Abstract: The following is a theorem concerning the whereabouts of the
"missing mass" of the Universe.
Problem: It is now broadly accepted that the current incarnation of the Universe originated in an explosion of all matter from a central point and is commonly referred to as the "Big Bang". From this can be derived three possibilities about the long term status of the Universe.
First- the Universe will expand forever because there is insufficient mass in the Universe for mutual gravitation to gradually slow the expansion until it halts.
Second- there is exactly enough mass in the Universe for it to expand until it halts- at which time it will remain in equilibrium (unlikely).
Third- there is sufficient mass in the Universe for it to expand until it halts- after which it will begin to contract until the "Big Crunch" results. Since it is logically consistent that time has no beginning nor end and that matter is neither created nor destroyed; the third scenario is the most endearing, the second is the most unlikely, and the first the most unsettling (since it leaves everything unanswered). Unfortunately for logical consistency, only about 1% of the mass necessary to realize Scenario #3 has been accounted for.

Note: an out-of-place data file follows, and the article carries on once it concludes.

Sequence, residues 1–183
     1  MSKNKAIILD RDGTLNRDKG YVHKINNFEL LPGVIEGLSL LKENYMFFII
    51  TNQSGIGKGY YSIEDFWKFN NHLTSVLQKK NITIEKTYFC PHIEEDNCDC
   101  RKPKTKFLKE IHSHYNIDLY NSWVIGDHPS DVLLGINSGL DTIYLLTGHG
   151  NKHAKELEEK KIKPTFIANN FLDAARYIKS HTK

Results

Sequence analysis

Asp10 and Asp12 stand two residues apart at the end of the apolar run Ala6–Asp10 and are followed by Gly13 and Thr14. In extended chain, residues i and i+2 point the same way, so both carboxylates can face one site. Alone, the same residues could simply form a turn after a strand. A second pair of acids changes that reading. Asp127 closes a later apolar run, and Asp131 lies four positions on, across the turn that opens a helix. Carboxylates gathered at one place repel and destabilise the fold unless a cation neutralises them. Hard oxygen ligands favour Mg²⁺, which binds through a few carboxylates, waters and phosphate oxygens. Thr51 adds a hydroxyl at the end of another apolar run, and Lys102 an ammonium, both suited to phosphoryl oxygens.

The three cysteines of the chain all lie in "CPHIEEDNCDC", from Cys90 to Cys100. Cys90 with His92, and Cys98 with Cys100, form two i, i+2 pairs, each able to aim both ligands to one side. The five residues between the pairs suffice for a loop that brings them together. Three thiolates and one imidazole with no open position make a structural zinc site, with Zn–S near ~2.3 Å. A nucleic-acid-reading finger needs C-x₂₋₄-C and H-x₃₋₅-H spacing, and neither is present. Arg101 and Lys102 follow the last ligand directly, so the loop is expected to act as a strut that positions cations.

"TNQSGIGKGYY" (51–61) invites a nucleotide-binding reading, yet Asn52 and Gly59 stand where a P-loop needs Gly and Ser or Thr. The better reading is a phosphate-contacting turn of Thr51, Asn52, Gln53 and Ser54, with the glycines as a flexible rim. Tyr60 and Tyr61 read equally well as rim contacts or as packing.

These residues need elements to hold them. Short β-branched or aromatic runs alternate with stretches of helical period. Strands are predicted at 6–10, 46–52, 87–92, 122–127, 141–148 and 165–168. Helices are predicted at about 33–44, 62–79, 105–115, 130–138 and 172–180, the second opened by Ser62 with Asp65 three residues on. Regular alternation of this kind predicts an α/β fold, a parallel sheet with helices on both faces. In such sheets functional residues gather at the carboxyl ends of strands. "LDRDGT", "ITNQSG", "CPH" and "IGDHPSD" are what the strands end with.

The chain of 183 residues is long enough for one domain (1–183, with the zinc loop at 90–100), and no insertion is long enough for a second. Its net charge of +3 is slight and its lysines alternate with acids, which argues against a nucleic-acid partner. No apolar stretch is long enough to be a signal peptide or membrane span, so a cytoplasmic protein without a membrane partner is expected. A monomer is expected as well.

Theorem: The missing mass of the Universe is accounted for by Einstein's famous equation E=mc².
Proof: Dividing how-many-ever electron-volts of energy liberated since the "Big Bang" ("E") by the square of the speed of light demonstrates that there is sufficient "mass" to slow the expansion of the Universe until it halts and reverses. (Numbers to follow.)
Next Question: Since this would demonstrate that the "Big Bang" and the "Big Crunch" have happened numerous times before (infinite?), what does this do to the assumption that the "Big Bang" originated from a singularity? Did all the inrushing matter of the preceding "Big Crunch" arrive before it left again as the "Big Bang"? By what mechanism did the final returning particle of a given "Big Crunch" signal that now all should leave as the next "Big Bang"? Isn't the toing-and-froing mass of the Universe in coming and going "Big Crunches" and "Big Bangs" analogous to the action of the water as one operates a plunger up and down in a toilet? (God doesn't play dice with the Universe- he's a plumber.)
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